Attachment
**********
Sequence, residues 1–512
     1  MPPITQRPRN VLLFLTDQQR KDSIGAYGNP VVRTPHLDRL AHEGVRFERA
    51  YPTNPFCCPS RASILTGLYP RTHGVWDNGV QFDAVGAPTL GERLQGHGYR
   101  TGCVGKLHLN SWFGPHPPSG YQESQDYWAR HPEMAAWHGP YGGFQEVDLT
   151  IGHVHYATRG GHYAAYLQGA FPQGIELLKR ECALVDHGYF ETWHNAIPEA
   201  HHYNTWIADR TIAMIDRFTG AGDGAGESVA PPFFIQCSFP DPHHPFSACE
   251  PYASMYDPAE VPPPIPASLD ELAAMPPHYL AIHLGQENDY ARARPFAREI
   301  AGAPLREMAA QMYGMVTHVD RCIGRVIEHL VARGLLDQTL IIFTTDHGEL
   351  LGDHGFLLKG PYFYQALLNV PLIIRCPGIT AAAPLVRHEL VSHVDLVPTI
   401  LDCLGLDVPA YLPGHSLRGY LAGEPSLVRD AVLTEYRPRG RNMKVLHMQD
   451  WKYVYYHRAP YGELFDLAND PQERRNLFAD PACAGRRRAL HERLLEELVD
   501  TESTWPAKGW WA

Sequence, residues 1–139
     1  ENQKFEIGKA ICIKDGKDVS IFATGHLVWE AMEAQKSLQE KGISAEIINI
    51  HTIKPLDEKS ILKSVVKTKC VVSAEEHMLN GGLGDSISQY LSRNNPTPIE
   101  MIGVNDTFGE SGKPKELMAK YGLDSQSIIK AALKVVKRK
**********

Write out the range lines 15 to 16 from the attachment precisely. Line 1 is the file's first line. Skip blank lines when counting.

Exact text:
    51  HTIKPLDEKS ILKSVVKTKC VVSAEEHMLN GGLGDSISQY LSRNNPTPIE
   101  MIGVNDTFGE SGKPKELMAK YGLDSQSIIK AALKVVKRK